One aspect of international travel that can frustrate or confuse some tourists is the need to utilize local apps, such as those for ride hailing.
The latest expansion abroad for China’s most popular ride-hailing company, Didi Chuxing, is in Australia. The company launched its service in Melbourne in June, and in November launched a roaming service for Australia with the Greater China Didi App that allows use of the app outside China without a mobile roaming plan or local SIM card.
The roaming service will also include an auto-translator in the app so that Chinese tourists can communicate with their drivers.
Australia’s increasing popularity among Chinese tourists makes it an important market for companies, like Didi Chuxing, hoping to attract Chinese tourist spending
The service provides Greater China App users the option of using Didi Express, a service that allows passengers to share seats with others on the same route for a discount. For now, the new services will be limited to the Melbourne area and nearby Geelong.
Didi’s interest in Australia is that the country is one of the most popular destinations for higher-end Chinese tourists, and the country expects total Chinese arrivals to reach 1.6 million this year. Moreover, just over half of all tourist spending growth came from Chinese tourists in the 12 months ending in March. In total, Chinese tourists spent just under $7.93 billion (AUD$11 billion) in the period.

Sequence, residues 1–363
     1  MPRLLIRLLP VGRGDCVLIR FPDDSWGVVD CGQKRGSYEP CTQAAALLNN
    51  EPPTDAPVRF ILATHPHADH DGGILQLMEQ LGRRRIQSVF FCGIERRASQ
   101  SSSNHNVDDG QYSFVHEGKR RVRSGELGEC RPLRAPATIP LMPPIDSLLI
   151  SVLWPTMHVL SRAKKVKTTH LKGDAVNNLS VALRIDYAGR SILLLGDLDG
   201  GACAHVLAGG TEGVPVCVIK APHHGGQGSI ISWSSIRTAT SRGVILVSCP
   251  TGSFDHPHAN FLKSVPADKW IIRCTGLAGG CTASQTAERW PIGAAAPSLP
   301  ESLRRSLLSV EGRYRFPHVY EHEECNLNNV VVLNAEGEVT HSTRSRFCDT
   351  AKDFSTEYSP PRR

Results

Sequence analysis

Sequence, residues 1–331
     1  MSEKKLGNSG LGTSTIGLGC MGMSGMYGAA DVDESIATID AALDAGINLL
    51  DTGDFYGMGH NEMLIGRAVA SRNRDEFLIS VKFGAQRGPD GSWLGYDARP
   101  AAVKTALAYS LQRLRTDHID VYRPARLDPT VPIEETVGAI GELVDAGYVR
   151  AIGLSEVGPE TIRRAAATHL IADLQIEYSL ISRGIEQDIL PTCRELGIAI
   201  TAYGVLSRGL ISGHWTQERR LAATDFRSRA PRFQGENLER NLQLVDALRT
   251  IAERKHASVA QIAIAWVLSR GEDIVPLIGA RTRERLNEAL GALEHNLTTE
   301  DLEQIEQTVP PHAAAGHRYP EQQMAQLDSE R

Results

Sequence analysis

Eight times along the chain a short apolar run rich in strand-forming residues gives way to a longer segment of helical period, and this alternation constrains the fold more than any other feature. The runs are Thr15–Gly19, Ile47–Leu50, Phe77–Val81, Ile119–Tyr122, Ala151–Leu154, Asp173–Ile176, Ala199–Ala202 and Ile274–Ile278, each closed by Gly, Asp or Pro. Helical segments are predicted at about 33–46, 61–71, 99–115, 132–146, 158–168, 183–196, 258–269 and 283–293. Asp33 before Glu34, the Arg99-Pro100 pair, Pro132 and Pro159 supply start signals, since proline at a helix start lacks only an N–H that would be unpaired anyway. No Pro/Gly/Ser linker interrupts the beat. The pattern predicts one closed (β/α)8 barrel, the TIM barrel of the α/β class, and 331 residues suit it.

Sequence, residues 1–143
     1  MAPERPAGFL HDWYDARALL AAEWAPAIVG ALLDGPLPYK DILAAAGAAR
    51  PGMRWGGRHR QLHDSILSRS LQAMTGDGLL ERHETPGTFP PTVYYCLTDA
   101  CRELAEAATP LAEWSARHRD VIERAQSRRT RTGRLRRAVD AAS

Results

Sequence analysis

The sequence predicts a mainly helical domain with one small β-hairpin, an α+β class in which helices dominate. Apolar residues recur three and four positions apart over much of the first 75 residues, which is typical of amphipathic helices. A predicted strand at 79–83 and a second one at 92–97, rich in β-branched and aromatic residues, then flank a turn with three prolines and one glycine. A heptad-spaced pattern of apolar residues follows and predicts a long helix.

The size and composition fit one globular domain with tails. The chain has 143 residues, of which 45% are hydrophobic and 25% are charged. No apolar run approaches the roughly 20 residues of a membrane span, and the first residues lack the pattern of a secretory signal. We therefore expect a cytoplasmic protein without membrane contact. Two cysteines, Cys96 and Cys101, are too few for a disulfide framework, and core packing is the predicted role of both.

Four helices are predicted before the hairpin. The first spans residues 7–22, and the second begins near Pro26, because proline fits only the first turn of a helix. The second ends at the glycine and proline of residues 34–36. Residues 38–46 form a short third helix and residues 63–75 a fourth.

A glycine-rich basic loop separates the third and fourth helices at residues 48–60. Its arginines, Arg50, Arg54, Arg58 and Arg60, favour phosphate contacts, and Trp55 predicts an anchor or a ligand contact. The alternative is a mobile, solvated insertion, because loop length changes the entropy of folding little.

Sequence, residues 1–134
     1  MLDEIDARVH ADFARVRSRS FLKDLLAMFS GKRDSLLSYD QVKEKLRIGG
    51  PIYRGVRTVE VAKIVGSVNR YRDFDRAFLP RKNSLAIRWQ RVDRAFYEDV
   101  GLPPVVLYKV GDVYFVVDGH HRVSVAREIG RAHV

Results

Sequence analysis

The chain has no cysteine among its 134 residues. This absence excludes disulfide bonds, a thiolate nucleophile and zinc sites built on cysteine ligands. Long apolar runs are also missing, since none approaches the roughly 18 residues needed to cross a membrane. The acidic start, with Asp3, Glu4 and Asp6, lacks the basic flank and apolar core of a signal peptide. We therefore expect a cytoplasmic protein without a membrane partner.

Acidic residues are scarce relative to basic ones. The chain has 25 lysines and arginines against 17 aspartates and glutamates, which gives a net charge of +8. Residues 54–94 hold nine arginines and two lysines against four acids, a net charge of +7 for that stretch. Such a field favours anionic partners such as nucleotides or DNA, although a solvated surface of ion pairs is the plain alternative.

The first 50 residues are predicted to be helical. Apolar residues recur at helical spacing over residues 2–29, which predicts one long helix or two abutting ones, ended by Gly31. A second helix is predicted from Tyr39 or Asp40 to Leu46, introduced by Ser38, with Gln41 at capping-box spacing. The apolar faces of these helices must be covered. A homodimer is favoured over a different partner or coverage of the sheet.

While Didi has a lock on the Chinese ride-hailing market, there are Chinese and international competitors looking to tap into the outbound Chinese tourist market. It’s part of the reason Didi has sought major international partners to better compete overseas, with Booking Holdings the most notable of its partnerships.
The biggest challenger in overseas ride-hailing might be China’s largest online travel agency Ctrip. It announced this year that it had finalized a partnership with the London startup Splyt that will allow Ctrip users to book rides from local ride-hailing companies through its app.
Such partnerships not only extend the reach of Chinese companies, it could also allow local companies to attract Chinese customers that would otherwise be unavailable to them.